From ASL to Everything Else: How Internet Slang is Changing Language

In its own right, Internet Speak is a language unto itself, and, in today’s world, probably the closest thing we have to a global language most people understand. Acronyms, slang, hashtags, and abbreviations are all part of our daily lives when we post a Tweet, send a text message, or update our Facebook status. In fact, we’ve become so used to seeing new internet slang pop up that we scarcely blink an eye when adapting it to our online vocabulary.

But internet slang’s prominence is far too great to be limited to the web realm and it has, whether you realize it or not, started to have an impact on language being used in everyday interactions. From ASL (American Sign Language) to English, internet slang’s power is undisputable and its stride, remarkable; languages have been forced to adopt new words at an incredible pace in order to keep up with this new linguistic phenomenon.

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But how do these online language trends start? Well, according to experts, Twitter can be pointed to as one of the primary perpetrators when it comes to internet slang. Not only did Twitter create the famous (or infamous) hashtag, but is responsible for the WOTY of 2014: #BlackLivesMatter. Furthermore, Twitter provides a concise map of how trends start and spread, allowing experts to see them as they expand across the U.S., Europe, and beyond.

When internet slang moves from the computer screen to the spoken word, it is a seamless process because most of us are bombarded so constantly with new words that we don’t even realize we’ve started using them. Terms like Yolo, LOL, FML feature so strongly in our internet conversations that using them in a verbal exchange almost seems natural.

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For language besides English, it isn’t always necessary to remain true to the original slang, often allowing these tongues to morph and develop in their own unique ways. An internet user in France may use LOL when chatting with an English speaker simply because it is the most recognizable form, but in French the acronym MDR (“mort de rire” or “dying of laughter”) can be used interchangeably amongst French speakers and still be understood equally well. In the same vein, Russian, Thai, and Chinese have all taken popular internet slang and molded it to better suit the culture and language while still remaining true to the universally recognized terms.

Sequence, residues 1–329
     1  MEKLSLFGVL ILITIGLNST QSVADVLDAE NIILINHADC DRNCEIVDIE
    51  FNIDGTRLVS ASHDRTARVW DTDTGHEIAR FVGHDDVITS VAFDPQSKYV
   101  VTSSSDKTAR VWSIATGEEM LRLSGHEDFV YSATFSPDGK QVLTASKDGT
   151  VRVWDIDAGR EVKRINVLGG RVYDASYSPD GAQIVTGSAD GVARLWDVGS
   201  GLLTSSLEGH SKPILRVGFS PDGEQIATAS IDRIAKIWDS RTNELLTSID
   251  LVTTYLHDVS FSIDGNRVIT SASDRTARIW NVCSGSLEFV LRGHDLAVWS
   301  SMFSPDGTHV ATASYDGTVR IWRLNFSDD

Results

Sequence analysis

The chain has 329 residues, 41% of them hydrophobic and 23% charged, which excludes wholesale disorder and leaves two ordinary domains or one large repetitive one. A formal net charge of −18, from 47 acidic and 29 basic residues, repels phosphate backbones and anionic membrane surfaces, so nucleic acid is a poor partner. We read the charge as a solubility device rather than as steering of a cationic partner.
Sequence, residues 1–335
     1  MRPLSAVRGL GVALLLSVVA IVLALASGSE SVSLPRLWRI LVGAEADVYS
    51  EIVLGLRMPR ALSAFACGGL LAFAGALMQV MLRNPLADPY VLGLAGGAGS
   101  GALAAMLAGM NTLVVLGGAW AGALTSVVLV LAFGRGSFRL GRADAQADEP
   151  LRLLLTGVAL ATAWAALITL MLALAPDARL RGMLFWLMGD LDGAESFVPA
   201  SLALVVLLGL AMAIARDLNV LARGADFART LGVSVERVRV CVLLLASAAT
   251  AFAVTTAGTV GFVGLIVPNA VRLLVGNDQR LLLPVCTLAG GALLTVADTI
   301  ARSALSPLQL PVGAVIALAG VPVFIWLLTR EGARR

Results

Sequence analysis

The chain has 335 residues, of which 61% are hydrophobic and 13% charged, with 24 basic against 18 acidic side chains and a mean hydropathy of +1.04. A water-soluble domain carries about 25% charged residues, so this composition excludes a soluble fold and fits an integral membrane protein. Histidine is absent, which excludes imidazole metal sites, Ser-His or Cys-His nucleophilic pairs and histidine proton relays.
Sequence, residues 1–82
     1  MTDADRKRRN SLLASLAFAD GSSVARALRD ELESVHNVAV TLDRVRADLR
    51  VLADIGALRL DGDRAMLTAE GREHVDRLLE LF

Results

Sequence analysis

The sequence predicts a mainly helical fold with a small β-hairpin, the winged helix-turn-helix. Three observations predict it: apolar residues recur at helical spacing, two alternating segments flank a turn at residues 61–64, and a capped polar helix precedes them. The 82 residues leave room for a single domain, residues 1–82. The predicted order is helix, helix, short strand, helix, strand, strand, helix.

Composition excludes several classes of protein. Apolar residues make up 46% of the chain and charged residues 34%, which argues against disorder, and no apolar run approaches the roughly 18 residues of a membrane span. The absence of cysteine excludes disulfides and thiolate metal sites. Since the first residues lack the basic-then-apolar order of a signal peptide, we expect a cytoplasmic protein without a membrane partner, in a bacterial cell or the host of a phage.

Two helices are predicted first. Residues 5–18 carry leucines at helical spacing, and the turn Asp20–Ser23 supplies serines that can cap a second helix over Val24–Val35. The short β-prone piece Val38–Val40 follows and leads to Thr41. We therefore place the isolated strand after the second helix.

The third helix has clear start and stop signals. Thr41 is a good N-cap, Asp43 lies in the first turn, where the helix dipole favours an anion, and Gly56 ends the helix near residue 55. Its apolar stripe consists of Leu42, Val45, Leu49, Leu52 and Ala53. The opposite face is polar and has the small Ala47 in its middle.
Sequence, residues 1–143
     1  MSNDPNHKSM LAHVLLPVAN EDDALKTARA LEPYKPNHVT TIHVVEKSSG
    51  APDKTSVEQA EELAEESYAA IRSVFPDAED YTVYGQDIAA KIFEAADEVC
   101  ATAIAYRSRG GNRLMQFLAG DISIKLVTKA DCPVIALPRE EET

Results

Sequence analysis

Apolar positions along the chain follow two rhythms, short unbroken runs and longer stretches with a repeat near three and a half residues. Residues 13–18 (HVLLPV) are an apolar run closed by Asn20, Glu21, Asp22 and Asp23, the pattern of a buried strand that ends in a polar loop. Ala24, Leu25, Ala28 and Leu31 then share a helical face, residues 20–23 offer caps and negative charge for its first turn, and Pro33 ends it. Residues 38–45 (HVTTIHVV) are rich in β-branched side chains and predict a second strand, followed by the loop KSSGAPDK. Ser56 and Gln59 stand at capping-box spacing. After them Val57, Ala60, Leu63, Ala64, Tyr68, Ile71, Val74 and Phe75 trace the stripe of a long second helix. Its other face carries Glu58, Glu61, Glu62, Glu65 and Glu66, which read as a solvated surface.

Even ASL has seen the influences of internet slang. Although ASL is spoken using the hands, the language itself still has the need to accommodate to the new words entering our vocabularies on a daily basis. Perhaps more than any other language, ASL is in a constant state of flux in the face of internet slang. According to studies, ASL incorporates new slang at a different pace than spoken languages because there is no defined term right from the start. ASL speakers use different signs for words such as photobomb and Instagram until eventually a single one is so widely used that it becomes official.  For this reason, experts must keep a much closer eye on sign language trends as opposed to spoken language trends in order to pinpoint the rise of new words.

One of the most fascinating aspects of all these languages is their ability to keep evolving and changing. And although technology may never completely hold sway, it has the power to connect us in never before seen ways. Talking to people from different cultures and from countries on the opposite end of the globe has never been easier and our ability to learn and adapt to foreign languages is increasingly apparent. Learning a new language is the perfect way to truly understand a foreign culture, whether you’re hoping to adopt new internet slang or speak to people in person. With excellent language classes and free online placement tests just a click of the mouse away, you’ll never get left behind when it comes to global language trends. From the internet to the spoken word, using that new slang will be a breeze!

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